Instead, they find a niche in the market where price competition isn't so intense, or where customers are willing to pay more for top-quality workmanship and service. You need to develop specialties or a reputation for excellence that will result in negotiated jobs for people who appreciate high quality and are willing to pay what's required to deliver it.
Another thing is, successful contractors don't think "selling" is a dirty word. The best chance for extra profit in your business is to convince people to do themselves a favor by buying add-ons and upgrades from you. Most contractors are so intent on keeping their prices down that they won't even try to sell customers more expensive products and services.
I'm not talking about fast-talking people into buying things they don't need. It's simply a matter of offering suggestions and choices. Walk into any McDonald's and you'll find everyone trained to ask, "Would you like fries with that ? would you like to super-size your order?" This is the kind of selling I'm talking about. There's nothing unethical about it. It's just good business.
Yet, some amount of growth is necessary just for survival. That's because studies show that every business loses around 9 percent of its customers each year to natural attrition. People die, or move away, or make new friends in the business, and you lose those customers through absolutely no fault of your own. You have to continue to grow your business just to make up for those losses. That's one aspect of what Peter Drucker meant by "grow or die."
I prefer the term "make progress." Growth means not only increasing revenues, but staying on top of developments in the world of business. It means keeping up with both field and office technology. It means belonging to trade organizations and networking with colleagues from different parts of the country. It means constantly learning and adapting new techniques into your business. It means steadily computerizing your operations so you can operate more efficiently and effectively.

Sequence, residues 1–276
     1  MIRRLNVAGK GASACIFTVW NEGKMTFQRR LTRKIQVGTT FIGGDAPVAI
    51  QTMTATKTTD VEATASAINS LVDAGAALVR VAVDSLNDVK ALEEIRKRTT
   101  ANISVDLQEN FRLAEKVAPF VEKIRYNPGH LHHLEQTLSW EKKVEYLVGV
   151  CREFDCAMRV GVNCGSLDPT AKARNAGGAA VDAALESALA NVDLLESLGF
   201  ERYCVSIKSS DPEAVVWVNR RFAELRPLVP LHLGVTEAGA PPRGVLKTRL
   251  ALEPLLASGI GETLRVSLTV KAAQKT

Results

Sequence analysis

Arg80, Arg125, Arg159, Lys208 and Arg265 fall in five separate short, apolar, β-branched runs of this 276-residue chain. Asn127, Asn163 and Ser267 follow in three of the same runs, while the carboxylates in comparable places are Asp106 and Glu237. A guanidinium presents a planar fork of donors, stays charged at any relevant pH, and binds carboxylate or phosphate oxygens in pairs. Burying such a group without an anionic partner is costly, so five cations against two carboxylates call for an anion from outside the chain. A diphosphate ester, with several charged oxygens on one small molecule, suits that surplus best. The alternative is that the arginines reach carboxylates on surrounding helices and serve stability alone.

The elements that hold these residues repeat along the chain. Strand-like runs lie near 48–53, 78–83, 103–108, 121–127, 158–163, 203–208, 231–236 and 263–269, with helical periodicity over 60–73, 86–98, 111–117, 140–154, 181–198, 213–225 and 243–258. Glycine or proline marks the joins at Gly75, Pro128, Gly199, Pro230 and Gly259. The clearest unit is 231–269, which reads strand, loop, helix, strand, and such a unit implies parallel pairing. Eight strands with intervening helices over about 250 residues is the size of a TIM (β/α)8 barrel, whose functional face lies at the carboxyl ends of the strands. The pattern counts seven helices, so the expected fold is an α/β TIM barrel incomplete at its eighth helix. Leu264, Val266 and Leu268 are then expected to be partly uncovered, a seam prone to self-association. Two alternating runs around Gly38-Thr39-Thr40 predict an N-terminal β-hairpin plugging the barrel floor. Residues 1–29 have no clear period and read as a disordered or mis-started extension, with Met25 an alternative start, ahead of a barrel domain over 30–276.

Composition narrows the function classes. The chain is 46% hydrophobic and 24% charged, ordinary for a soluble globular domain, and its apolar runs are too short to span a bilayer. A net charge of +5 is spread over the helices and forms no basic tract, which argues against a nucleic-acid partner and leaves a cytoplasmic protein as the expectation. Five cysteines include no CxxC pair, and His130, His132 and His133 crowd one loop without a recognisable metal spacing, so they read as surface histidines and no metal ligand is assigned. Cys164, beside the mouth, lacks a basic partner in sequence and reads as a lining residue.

The successful contractors I've observed aren't all big, but they all are progressive in keeping pace with the changing world of business.
5. Successful contractors love their work. I've never met a successful businessperson, in any field, who didn't have a passion for the business. Running a business is hard work and filled with aggravation. If you don't love what you're doing, you'll get burned out quickly, and that's not a path to success.
And this brings us back to Key #1. I've met too many people who love the trade, but not the business of drilling. They seem miserable all the time. You've all seen them around. They're the kind of folks who are always griping about customers, griping about competitors, griping about their suppliers. They find fault with everyone but themselves.
Many of these folks want nothing more than to be operating a rig. They are drillers and think like drillers. I repeat, there's absolutely nothing wrong with that. Except they don't belong running a contracting business. They should be out there doing what they love to do.
The successful contractors face the same problems the complainers do. They, too, have trouble finding competent workers. They, too, face stiff competition. Yet, the successful contractors manage to overcome these day-to-day aggravations and find a bright side to their business. Usually that bright side has to do with making money.
They love coming to work every day because they find the business stimulating and it brings them prosperity. There are few things in life more rewarding than making a good living doing what you love. If you honestly can say that you love going to work each day, then I would say you've mastered the five keys to success in your business.